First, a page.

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free-space optics (FSO)

Free-space optics (FSO), also called free-space photonics (FSP), refers to the transmission of modulated visible or infrared ( IR ) beams through the atmosphere to obtain broadband communications. Most frequently, laser beams are used, although non-lasing sources such as light-emitting diodes ( LED s) or IR-emitting diodes (IREDs) will serve the purpose.

The theory of FSO is essentially the same as that for fiber optic transmission. The difference is that the energy beam is collimated and sent through clear air or space from the source to the destination, rather than guided through an optical fiber. If the energy source does not produce a sufficiently parallel beam to travel the required distance, collimation can be done with lenses. At the source, the visible or IR energy is modulated with the data to be transmitted. At the destination, the beam is intercepted by a photodetector, the data is extracted from the visible or IR beam (demodulated), and the resulting signal is amplified and sent to the hardware.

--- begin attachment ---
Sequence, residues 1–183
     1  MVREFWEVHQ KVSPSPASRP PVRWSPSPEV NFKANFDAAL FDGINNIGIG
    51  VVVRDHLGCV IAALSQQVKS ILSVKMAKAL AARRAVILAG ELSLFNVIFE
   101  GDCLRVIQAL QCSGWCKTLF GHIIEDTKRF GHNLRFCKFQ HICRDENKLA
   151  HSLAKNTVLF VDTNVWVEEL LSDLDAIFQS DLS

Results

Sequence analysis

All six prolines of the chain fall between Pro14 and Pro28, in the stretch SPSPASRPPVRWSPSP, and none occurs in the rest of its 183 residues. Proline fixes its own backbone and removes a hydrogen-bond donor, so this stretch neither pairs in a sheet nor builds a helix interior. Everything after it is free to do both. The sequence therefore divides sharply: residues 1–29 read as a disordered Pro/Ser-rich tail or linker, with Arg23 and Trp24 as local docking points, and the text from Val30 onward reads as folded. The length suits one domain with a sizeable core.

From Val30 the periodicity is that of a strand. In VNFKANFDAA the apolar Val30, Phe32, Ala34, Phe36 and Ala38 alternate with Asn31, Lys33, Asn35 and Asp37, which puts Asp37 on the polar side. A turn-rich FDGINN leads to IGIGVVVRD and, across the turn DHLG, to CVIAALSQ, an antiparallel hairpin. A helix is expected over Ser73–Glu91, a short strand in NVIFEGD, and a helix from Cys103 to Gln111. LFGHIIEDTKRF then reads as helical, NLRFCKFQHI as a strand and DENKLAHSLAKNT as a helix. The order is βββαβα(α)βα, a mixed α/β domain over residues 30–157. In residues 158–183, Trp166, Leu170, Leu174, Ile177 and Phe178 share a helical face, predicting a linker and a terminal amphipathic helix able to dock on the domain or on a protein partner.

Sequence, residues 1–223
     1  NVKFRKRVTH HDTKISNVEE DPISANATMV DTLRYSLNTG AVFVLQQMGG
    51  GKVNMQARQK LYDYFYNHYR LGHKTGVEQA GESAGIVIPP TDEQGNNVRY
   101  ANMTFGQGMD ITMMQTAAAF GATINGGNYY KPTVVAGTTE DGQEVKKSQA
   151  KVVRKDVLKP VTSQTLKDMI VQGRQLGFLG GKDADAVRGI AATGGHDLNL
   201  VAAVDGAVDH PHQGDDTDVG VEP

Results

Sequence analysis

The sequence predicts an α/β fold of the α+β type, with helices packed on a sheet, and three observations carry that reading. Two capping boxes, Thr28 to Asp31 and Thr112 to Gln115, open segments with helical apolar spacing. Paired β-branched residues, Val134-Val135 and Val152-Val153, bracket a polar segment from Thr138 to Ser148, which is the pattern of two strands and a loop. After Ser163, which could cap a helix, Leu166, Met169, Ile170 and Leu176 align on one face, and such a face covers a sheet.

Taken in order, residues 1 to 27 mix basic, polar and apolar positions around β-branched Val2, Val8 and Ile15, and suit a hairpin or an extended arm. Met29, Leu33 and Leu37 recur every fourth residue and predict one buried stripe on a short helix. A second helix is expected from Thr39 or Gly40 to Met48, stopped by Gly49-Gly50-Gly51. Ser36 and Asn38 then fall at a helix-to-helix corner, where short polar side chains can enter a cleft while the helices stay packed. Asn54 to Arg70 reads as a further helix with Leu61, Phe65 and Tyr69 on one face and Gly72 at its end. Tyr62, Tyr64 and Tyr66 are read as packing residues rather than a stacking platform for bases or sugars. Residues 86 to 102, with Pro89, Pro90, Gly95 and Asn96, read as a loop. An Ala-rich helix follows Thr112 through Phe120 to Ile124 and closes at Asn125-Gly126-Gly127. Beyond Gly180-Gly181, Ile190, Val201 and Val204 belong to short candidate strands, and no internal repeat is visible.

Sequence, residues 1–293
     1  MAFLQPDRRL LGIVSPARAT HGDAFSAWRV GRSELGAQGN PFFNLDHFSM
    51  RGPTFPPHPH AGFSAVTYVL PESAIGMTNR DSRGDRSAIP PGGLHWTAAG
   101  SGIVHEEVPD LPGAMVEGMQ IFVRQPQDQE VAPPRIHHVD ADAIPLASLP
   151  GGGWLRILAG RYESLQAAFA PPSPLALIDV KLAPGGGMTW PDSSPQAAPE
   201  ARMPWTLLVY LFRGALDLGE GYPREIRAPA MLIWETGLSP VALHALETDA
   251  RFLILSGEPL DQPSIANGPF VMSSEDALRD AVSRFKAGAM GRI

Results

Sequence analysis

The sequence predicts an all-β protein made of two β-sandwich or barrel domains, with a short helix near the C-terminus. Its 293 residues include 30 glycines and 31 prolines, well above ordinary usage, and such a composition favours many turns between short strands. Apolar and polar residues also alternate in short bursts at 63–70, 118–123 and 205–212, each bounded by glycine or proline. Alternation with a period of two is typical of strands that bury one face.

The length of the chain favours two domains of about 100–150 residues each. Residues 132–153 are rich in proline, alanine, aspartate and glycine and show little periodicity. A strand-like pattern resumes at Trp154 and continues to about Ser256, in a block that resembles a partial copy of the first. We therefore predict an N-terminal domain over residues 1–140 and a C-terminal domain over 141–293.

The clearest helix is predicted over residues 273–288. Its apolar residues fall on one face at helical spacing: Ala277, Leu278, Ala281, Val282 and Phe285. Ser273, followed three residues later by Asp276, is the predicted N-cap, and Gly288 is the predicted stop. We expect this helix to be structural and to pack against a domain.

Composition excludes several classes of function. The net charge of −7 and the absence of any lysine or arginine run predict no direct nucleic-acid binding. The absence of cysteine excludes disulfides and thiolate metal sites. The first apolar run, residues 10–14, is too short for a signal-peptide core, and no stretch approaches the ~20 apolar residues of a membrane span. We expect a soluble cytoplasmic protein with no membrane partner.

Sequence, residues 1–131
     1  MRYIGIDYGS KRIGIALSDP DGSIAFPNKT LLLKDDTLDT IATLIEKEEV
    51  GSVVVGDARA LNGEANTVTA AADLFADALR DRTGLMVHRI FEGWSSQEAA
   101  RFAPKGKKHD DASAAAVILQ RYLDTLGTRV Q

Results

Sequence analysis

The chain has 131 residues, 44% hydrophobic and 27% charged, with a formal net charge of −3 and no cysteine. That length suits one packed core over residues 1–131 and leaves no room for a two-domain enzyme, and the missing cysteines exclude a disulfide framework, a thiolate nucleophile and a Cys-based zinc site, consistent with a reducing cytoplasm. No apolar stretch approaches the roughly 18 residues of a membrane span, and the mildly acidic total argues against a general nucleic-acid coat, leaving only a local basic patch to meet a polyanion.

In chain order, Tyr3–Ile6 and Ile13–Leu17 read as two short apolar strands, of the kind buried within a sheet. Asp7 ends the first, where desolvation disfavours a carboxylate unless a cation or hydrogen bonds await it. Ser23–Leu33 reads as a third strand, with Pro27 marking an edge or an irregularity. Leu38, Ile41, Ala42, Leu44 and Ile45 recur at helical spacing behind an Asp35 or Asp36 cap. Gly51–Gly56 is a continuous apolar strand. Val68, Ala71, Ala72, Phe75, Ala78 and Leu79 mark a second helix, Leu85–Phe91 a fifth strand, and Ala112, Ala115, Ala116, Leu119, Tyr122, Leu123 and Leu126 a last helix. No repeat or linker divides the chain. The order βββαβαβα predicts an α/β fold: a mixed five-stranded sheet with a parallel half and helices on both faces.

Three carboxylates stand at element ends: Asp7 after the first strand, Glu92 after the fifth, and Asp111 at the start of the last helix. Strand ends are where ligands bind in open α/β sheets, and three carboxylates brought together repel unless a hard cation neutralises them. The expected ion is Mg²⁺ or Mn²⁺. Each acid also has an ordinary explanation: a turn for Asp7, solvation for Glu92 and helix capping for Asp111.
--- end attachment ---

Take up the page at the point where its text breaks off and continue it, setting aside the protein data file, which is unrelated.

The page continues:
FSO systems can function over distances of several kilometers. As long as there is a clear line of sight between the source and the destination, communication is theoretically possible. Even if there is no direct line of sight, strategically positioned mirrors can be used to reflect the energy. The beams can pass through glass windows with little or no attenuation (as long as the windows are kept clean!).

Although FSO systems can be a good solution for some broadband networking needs, there are limitations. Most significant is the fact that rain, dust, snow, fog, or smog can block the transmission path and shut down the network.

This was last updated in March 2011

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